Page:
Gov. Harry R. Hughes' task force on hunger urged him today to set up a new office of nutrition and to fatten the state's contribution to federally supported food programs by up to $40 million to combat what it called the growing problem of hunger.
"There is in my judgment irrefutable evidence that we are in the midst of an escalating problem rather than a diminishing one," said Dr. David M. Paige of the Johns Hopkins University School of Hygiene and Public Health, who chaired the Governor's Task Force on Food and Nutrition.
The task force recommended in its 186-page report, unveiled at a press conference here, that the state increase its contributions to welfare and food stamp recipients, to the Women, Infants and Children (WIC) program and to nutrition for the elderly, 11 percent of whom the report identified as poor.
Much of the hunger that the 10-member task force identified throughout the state involved short-term deprivation brought about by federal cuts in aid programs, Paige said at the press conference. No precise figures on the extent of hunger in Maryland were provided but Paige said greater demands are being placed on public and private emergency food programs.
"It is not the same type of devastating hunger which exists in Third World countries," he added. "But the problem is equally as profound."
An investment of $15 million in state funds, task force members said, would pay for all of the task force recommendations except the welfare grant increase.
In Baltimore, state Department of Human Resources spokeswoman Wanda L. Dobson estimated that the welfare grant increase recommended by the task force would cost another $25 million over one year.
This money would go to increase the minimum aid to families with dependent children (AFDC) for a welfare family of three from $313 to $433 per month, Paige said. The state has said that in 1984 a family of three has budgetary needs of a minimum of $658 per month.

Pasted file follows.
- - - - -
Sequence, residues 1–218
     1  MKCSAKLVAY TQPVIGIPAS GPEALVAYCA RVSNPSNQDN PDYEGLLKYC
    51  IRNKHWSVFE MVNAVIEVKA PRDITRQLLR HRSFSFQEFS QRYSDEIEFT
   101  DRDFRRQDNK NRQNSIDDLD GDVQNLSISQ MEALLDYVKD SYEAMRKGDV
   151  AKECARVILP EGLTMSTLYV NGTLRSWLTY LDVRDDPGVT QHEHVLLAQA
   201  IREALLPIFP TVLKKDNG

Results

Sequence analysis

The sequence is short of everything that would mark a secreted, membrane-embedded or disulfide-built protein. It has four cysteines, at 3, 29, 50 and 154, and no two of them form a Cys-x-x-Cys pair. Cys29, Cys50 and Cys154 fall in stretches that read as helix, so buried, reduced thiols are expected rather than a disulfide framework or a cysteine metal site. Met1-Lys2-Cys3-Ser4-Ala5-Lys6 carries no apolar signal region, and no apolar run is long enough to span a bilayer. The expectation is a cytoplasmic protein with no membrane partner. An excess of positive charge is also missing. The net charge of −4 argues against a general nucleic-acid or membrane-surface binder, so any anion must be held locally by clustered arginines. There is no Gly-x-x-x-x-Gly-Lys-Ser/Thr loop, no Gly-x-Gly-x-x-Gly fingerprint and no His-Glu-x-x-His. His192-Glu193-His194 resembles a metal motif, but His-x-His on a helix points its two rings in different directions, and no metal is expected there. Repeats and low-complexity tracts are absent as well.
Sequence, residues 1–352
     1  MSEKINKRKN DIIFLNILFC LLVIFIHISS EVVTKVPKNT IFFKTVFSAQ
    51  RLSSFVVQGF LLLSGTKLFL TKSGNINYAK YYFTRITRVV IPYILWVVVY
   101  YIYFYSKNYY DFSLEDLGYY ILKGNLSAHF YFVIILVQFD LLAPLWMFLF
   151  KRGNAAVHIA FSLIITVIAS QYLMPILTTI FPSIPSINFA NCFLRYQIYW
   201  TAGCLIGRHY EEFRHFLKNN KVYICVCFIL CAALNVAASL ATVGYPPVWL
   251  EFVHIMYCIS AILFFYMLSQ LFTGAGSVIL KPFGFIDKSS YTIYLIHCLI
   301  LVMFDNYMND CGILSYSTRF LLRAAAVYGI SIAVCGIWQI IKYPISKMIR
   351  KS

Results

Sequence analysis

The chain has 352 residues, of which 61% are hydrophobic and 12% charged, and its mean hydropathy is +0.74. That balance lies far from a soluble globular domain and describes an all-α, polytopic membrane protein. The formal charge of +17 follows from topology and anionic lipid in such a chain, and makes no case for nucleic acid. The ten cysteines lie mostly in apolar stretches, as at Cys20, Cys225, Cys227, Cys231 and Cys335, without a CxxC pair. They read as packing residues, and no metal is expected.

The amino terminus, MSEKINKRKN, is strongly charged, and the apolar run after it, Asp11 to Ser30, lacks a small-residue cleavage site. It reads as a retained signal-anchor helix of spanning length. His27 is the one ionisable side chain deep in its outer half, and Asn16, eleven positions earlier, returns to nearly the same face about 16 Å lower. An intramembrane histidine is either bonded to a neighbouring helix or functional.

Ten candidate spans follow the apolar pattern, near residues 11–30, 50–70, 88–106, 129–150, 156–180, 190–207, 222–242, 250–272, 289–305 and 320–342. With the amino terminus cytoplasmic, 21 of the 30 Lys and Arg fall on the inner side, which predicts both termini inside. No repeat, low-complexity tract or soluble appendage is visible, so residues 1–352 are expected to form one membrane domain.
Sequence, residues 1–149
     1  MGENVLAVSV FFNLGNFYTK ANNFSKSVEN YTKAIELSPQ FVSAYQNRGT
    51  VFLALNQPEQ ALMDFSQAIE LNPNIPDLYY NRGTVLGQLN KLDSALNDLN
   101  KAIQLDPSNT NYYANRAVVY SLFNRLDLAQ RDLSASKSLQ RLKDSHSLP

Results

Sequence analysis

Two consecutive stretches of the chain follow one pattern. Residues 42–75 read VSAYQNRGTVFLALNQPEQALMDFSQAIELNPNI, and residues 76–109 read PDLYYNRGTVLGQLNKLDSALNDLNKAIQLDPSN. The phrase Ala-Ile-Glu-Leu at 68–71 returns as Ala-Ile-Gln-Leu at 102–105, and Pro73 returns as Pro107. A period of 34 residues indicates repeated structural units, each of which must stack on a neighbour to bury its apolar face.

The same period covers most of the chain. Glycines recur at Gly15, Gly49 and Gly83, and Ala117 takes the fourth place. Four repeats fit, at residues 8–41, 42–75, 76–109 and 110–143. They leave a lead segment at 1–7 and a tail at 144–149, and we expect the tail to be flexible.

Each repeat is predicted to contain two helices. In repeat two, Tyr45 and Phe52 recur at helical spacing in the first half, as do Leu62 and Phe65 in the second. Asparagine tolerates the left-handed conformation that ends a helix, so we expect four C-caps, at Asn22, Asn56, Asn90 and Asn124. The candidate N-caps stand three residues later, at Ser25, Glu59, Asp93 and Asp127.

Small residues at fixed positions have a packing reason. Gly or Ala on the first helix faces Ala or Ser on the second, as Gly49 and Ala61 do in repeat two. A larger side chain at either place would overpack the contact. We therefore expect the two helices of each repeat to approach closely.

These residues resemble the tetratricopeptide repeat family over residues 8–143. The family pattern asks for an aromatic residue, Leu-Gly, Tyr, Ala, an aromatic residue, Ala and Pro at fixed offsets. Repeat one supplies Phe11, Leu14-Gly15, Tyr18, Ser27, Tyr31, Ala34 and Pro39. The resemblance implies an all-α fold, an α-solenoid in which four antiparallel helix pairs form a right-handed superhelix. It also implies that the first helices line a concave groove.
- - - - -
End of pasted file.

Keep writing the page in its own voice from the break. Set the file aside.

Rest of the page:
"Our fondest hope is that some of this money would be included in the executive budget," said State Sen. Nathan Irby (D-Baltimore).
Hughes, who, according to an aide, received the task force's recommendations sympathetically in a noon meeting, said he will respond to the suggestions within 30 days.
Whether the governor will include all or part of the recommendations in his 1985-86 budget will be determined after revenue estimates are received from the comptroller's office in mid-December, spokesman Lou Panos said.
Based on poverty statistics provided by the state, the task force estimated that about 62 percent of those eligible for food stamps are served by that program, costing the state $2 million to $4 million years in federal funds.
Also, only 27 percent of Maryland public school students who are eligible for free meals at school are taking advantage of the National School Lunch and Child Nutrition Programs.
The Montgomery County Food Network, a joint effort between county and private groups, reported last month that it has made 22,606 emergency food deliveries to that county's needy so far this year, more than in all of 1983.
The Maryland Food Bank, a Baltimore-based charity, said it provides over 500,000 pounds of food each month to the needy served by private food kitchens and programs.
But state official Dobson said, "The money meant for food may not always go for food because all other costs are so great."
Said task force member Irby, "It's a question oftentimes of deciding whether you're going to heat or eat."